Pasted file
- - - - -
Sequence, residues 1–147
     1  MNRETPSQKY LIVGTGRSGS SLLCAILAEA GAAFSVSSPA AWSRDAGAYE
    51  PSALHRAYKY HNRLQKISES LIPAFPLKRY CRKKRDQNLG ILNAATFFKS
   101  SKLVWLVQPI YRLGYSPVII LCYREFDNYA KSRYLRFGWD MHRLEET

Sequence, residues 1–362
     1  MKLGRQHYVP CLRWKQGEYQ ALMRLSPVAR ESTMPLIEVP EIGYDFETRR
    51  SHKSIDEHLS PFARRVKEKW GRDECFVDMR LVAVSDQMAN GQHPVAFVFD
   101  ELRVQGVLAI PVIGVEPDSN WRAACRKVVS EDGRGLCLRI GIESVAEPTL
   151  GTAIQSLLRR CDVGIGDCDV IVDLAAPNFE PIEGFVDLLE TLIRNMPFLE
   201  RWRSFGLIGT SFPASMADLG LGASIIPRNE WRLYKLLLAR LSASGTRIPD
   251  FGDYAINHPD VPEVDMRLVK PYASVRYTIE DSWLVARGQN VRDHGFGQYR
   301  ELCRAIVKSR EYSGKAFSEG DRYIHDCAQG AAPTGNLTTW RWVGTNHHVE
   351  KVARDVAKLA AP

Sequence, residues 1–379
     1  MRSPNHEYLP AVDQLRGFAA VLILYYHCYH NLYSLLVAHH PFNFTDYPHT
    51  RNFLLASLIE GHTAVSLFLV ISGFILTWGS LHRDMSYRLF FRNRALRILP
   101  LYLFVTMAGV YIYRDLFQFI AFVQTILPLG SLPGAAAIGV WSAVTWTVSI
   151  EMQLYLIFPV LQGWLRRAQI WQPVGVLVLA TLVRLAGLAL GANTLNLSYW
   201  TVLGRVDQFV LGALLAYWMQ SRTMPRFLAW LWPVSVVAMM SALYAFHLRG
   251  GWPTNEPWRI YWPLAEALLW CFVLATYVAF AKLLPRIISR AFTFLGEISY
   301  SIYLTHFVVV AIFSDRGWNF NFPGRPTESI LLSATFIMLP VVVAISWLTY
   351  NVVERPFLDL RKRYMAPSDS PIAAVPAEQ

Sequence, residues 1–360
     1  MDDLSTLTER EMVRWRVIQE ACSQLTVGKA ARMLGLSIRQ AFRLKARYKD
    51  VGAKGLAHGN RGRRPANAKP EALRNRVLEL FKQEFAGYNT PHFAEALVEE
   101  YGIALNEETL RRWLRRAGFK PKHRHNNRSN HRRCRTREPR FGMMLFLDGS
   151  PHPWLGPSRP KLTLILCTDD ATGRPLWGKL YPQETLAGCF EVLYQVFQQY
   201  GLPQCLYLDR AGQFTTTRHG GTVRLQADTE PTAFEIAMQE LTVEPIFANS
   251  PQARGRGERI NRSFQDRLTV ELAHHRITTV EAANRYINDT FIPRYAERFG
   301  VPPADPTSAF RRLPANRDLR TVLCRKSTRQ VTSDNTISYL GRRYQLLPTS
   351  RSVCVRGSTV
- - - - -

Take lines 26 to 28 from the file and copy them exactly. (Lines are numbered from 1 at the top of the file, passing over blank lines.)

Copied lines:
   101  YGIALNEETL RRWLRRAGFK PKHRHNNRSN HRRCRTREPR FGMMLFLDGS
   151  PHPWLGPSRP KLTLILCTDD ATGRPLWGKL YPQETLAGCF EVLYQVFQQY
   201  GLPQCLYLDR AGQFTTTRHG GTVRLQADTE PTAFEIAMQE LTVEPIFANS